Words Landlords Use Every Day: Standing and Privity
“Standing” is the right to bring a case to court. “Privity” is a legal relationship.
A landlord and tenant may have (or may be in) privity of contract because they both agree to certain contractual terms in a lease. That same landlord and tenant may be in privity of estate because they both have an interest in the same real estate.
For a landlord to prove standing to sue a tenant for defaulting under a lease, the landlord must show privity. The interesting question is: does the landlord have to prove privity of contract, or is privity of estate sufficient? Usually a landlord has both, so in most cases, this question does not arise. However, assume that the landlord lost all of its contractual privity with the tenant as the result of an unusual bankruptcy ruling, or the takeover of property by an agency like the FDIC or because of the absence of any prior dealings with a subtenant. In those cases, the landlord may have privity of estate with the occupant, because they both have an interest in the same real estate, but the landlord would not be able to prove privity of contract.
In Hillside Metro Associates v. JP Morgan Chase Bank, Nat’l Assn, 747 F.3d 44 (2d Cir 2014) the court said that proving privity of estate was not enough to prove standing to sue. As a result, the landlord, who could prove privity of estate but not privity of contract, was prevented from suing the tenant for rent. In Excel Willowbrook, LLC v. JP Morgan Chase Bank, Nat’l Assn 758 F.3d592 (5th Cir 2014), the court said that proving privity of estate was sufficient to prove standing to sue, so the landlord, even though it could not prove privity of contract, was allowed to suefor rent. The landlord in Excel used nearly identical proof as that offered by the landlord in Willowbrook. This disagreement between two federal circuit courts is significant — the sort of conflict that may be resolved by the U.S. Supreme Court.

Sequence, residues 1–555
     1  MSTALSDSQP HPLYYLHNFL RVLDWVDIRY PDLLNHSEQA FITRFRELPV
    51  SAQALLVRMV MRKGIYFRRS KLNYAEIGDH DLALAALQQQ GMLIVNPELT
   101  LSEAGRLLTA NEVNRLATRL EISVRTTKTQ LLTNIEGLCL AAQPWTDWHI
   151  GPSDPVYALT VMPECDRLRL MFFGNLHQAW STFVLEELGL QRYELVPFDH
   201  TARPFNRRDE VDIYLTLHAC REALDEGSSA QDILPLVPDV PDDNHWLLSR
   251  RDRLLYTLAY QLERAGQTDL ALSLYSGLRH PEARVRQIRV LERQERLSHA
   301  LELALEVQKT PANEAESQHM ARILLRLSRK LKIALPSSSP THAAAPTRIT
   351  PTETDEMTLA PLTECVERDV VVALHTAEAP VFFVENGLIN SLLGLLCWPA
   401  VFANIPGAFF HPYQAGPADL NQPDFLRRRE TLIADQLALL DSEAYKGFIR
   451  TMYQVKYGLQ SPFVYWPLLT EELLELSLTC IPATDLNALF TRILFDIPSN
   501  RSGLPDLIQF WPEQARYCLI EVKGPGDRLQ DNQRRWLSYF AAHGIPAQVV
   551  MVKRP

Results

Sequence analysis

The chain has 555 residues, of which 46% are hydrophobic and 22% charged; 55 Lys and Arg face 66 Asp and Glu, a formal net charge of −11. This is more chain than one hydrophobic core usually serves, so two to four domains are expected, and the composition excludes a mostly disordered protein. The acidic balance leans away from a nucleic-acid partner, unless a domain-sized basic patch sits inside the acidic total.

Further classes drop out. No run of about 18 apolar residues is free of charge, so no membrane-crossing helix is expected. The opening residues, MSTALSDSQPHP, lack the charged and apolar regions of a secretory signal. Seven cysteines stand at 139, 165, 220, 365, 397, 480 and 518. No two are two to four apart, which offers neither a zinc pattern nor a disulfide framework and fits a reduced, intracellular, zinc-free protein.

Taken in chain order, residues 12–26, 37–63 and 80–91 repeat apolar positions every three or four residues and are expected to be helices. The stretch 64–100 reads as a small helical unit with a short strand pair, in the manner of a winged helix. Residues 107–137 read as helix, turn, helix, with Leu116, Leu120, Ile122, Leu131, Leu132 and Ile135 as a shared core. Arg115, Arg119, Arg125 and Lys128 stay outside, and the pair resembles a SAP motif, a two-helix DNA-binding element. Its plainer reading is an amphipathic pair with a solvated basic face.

These cases teach us that an assignment of rights under a lease, whether voluntary or involuntary, must be structured to preserve privity of bothcontract and estate. When that is impossible, a lease or assignment or other agreementmust be structured to assure that the landlord hasfull privity of estate with future occupants. Be certain to engage experienced lease counsel whenever the landlord-tenant relationship may be attacked or affected by third parties, whether subtenants, assignees, government agencies, creditors or courts.
Today’s real estate tip is brought to you by Rick Smith, a LEED Accredited Professional and member of Bernstein Shur’s Real Estate Practice Group and Green Building Team. Stay tuned for more useful tips for real estate professionals.
For more information, contact Rick at firstname.lastname@example.org or 207 228-7228 or at 603 665-8829.